Plastic particles added to cosmetics and some drugs will also be phased out by 2019


Plastics microbeads will be banned from US personal care products to protect that country's waterways

The US will ban the production of personal care products and cosmetics containing plastic microbeads from July 2017. The new law, which is aimed at protecting the nation’s waterways, will also ban sales of cosmetics containing microbeads beginning July 2018, and over-the-counter drugs containing these plastic particles by July 2019.

Microbeads are defined in the US rule as any solid plastic particle less than 5mm in size and intended to be used to exfoliate or cleanse. They are often used in products like toothpastes and facial cleansers, but end up in waterways.

Some species of marine life mistake the plastic beads for food. A recent United National Environment Programme (UNEP) report concluded that most of the plastics in cosmetics and personal care products contained non-degradable polymers that may take hundreds of years to break down via oxidative or photodegradation routes.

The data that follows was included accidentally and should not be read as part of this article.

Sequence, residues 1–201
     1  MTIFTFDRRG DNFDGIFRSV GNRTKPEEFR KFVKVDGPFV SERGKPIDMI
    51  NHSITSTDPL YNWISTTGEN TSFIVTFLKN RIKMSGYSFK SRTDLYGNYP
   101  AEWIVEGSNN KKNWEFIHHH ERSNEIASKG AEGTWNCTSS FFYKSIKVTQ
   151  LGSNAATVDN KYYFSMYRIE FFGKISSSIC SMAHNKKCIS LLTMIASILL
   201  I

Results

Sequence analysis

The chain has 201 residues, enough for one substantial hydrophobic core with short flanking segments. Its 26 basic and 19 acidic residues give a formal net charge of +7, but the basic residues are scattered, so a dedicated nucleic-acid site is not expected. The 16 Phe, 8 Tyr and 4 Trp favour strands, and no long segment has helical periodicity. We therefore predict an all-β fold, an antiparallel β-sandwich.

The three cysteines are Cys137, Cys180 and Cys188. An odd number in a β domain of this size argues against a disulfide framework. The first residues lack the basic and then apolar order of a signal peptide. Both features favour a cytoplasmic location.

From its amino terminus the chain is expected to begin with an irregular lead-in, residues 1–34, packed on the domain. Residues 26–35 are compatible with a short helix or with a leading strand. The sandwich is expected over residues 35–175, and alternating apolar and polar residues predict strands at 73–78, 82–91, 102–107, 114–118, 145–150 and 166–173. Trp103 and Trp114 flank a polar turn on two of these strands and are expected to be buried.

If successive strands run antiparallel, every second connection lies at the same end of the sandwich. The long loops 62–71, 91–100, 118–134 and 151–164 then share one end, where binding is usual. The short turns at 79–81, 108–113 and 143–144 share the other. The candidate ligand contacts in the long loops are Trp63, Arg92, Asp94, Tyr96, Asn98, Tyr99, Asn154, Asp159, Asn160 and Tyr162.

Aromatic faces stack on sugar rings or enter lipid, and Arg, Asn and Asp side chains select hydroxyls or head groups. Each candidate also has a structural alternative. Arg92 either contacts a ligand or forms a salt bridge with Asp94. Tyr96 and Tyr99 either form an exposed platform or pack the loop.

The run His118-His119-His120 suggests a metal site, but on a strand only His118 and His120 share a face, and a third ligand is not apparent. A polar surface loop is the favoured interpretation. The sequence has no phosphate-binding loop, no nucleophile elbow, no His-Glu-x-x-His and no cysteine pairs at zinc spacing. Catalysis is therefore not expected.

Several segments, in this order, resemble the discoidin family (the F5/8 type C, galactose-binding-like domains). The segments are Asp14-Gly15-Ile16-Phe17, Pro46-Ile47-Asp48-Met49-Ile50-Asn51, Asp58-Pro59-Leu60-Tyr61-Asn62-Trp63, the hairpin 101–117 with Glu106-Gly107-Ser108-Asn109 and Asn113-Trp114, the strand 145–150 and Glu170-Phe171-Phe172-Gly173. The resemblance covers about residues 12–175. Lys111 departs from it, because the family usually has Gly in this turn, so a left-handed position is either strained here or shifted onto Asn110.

UNEP reports that a typical exfoliating shower gel can contain roughly as much microplastics as is used to make its plastic packaging.

At least nine US states and numerous local jurisdictions already have bans on microbeads in personal care products. For example, California acted in October 2015 to phasing out microbeads in cosmetics by 2020.

Recent research by US scientists estimated that more than 8 trillion microbeads enter US aquatic habitats each day. The researchers suggested that an outright ban on microbeads would be the best way to protect water quality, wildlife and other resources.

Cosmetics Europe, which represents European companies and associations in the cosmetics and personal care industry, recommended in October 2015 that its members ‘discontinue’ the use of microbeads in ‘wash off cosmetic and personal care products for exfoliating and cleansing purposes’ as of 2020. Yet, no action has been taken thus far to ban microbeads across the EU.

The Canadian government announced in July its intention to ban the use of microbeads in personal care products, saying a scientific review revealed that the presence of microbeads in the environment may have long-term effects on biological diversity and ecosystems. A proposal to add microbeads to a list of toxic substances under the Canadian Environmental Protection Act was published in August 2015.

The American Chemistry Council (ACC) applauded the new US law, calling it ‘an important step to ensure there is one sensible, national standard to phase out solid plastic microbeads from rinse-off personal care products across America’.